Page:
What can you do on Zwift in one hour? Train, race, Watopia, FTP tests and more

If you’re a time strapped-cyclist, Zwift is one of the most time-efficient ways to ride and train

Clock16:30, Friday 20th October 2023

Family, work and everyday commitments: we all love to ride our bikes but unfortunately life often gets in the way. When other priorities are taken care of, we’re often only left with a small window of an hour here and there when we can actually hop on the saddle and have a quick spin.

This process is made a little simpler by turbo trainers which aren’t weather dependent and are the most convenient solution for time-strapped cyclists. Even then, you may be questioning how much you can actually achieve in one hour of turbo training.

Read more: Cycling, running or the gym: what’s the best 30-minute workout?

There’s good news here as it’s a lot more than you may think. Thanks to training apps like Zwift, indoor cycling capabilities have never been broader, with plenty of features to keep you entertained and provide a thorough workout.

Need more convincing? From racing to exploring virtual worlds, here’s everything you can do in only one hour on Zwift.

Read more: Getting started with Zwift indoor training

Explore virtual cycling worlds: Watopia, London, Alpe du Zwift and more

If you simply want to hop on the bike with no specific plan and just ride, then you can easily do that on Zwift. The online training platform is home to a large number of routes which allow you to explore virtual worlds, many of which are based on real-world roads.

How many Zwift routes are there?

On current count there are 12 worlds, although that number is constantly growing. Together, they house over 100 routes, covering thousands of kilometres, more than enough to keep you entertained throughout a full winter of turbo training. This includes: Watopia, Richmond, London, New York, Innsbruck, Bologna TT, Yorkshire , Crit City, Makuri Islands, France, Paris and Scotland.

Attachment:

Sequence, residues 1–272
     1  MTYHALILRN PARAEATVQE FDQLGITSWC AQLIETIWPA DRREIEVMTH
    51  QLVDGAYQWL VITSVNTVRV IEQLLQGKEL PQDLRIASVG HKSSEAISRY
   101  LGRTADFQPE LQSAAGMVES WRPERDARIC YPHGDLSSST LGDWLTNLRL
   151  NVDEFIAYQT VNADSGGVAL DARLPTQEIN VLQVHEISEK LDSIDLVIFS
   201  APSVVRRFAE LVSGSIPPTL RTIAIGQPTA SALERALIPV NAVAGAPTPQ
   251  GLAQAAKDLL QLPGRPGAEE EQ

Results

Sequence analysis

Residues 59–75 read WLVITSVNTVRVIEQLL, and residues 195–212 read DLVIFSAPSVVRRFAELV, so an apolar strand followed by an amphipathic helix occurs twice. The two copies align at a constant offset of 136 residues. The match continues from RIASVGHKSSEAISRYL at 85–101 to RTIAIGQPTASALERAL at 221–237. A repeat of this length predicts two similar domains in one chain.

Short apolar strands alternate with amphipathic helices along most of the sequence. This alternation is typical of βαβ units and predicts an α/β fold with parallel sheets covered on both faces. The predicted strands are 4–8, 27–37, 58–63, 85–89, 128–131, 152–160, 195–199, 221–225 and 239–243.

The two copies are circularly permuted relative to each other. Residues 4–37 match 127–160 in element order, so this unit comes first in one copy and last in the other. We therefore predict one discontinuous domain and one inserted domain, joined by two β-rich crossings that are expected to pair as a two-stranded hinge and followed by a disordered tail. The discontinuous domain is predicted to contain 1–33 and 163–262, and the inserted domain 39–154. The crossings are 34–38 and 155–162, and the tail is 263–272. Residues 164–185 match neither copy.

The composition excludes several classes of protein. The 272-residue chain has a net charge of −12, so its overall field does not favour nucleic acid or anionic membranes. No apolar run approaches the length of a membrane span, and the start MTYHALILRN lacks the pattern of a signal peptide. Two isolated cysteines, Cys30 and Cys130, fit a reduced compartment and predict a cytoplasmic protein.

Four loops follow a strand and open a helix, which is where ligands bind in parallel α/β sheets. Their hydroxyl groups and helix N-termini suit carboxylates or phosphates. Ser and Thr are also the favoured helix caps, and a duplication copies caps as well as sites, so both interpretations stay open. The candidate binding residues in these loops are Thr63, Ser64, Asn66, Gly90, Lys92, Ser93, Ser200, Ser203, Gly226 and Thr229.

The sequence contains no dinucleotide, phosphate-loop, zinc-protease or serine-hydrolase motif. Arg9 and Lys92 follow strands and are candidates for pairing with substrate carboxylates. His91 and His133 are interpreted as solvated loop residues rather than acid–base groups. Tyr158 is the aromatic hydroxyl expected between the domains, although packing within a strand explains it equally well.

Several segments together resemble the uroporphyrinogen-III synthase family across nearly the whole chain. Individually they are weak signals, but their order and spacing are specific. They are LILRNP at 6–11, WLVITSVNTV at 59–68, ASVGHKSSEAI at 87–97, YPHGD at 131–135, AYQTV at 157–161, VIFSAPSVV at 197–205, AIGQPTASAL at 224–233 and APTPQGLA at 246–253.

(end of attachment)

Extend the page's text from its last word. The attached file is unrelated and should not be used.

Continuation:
The biggest and most popular is Watopia which features Alpe du Zwift, a virtual climb modelled on Alpe d’Huez. Head there at any time of the day and you’ll find a long stream of people toiling up its slopes as they attempt to conquer their previous best time. To unlock the route, known as ‘Road to the Sky’, you’ll need to be level six, but this is easily achieved after spending a little time exploring other routes and worlds.

Currently, three of the worlds are available each day. Watopia is a permanent fixture while the other two slots alternate. You can check out the full Zwift world calendar here.

Workout and set up a Zwift training plan

While some cyclists just want to explore, others have specific fitness aims. It could be training for an event or trying to build foundation fitness for the coming season. When increasing power numbers is your goal, you need to make the most of the short riding time you have through high-quality training sessions.

Zwift has a comprehensive library of workouts packed with sub-one hour training sessions that will help you maximise every minute of riding time. These cover the whole spectrum of training zones and many are provided by WorldTour pros, like the selections from Ineos Grenadiers and the now-retired Annemiek van Vleuten.

While you can hop on and pick a workout prior to a session, it can be useful to have a structured plan in place. A long-term plan will provide focussed training that will lead to better fitness gains over the long-term, plus it can be more motivating knowing that you have a workout already lined up. Zwift has plenty of training plans for a variety of goals. Pick whichever one suits your needs and then schedule the workouts around your free time. Of course, life isn’t always so simple, but you can be flexible with a plan too, shifting workouts around as your free time changes.